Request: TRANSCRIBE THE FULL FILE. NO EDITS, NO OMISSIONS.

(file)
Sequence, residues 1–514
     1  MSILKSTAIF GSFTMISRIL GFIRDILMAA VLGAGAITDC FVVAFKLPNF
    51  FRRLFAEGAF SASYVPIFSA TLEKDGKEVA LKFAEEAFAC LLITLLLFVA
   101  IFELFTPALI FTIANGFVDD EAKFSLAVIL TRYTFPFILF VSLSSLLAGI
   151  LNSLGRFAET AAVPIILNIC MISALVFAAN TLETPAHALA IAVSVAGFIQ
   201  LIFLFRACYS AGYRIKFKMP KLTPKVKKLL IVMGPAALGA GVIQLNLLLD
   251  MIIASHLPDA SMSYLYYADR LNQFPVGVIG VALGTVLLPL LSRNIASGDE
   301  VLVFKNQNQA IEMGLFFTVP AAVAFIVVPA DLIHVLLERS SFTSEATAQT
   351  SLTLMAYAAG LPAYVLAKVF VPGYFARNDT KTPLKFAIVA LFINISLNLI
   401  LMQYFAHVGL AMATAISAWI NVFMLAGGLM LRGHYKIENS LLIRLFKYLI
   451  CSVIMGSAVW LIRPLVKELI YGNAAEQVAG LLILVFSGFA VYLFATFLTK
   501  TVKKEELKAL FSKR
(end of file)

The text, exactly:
Sequence, residues 1–514
     1  MSILKSTAIF GSFTMISRIL GFIRDILMAA VLGAGAITDC FVVAFKLPNF
    51  FRRLFAEGAF SASYVPIFSA TLEKDGKEVA LKFAEEAFAC LLITLLLFVA
   101  IFELFTPALI FTIANGFVDD EAKFSLAVIL TRYTFPFILF VSLSSLLAGI
   151  LNSLGRFAET AAVPIILNIC MISALVFAAN TLETPAHALA IAVSVAGFIQ
   201  LIFLFRACYS AGYRIKFKMP KLTPKVKKLL IVMGPAALGA GVIQLNLLLD
   251  MIIASHLPDA SMSYLYYADR LNQFPVGVIG VALGTVLLPL LSRNIASGDE
   301  VLVFKNQNQA IEMGLFFTVP AAVAFIVVPA DLIHVLLERS SFTSEATAQT
   351  SLTLMAYAAG LPAYVLAKVF VPGYFARNDT KTPLKFAIVA LFINISLNLI
   401  LMQYFAHVGL AMATAISAWI NVFMLAGGLM LRGHYKIENS LLIRLFKYLI
   451  CSVIMGSAVW LIRPLVKELI YGNAAEQVAG LLILVFSGFA VYLFATFLTK
   501  TVKKEELKAL FSKR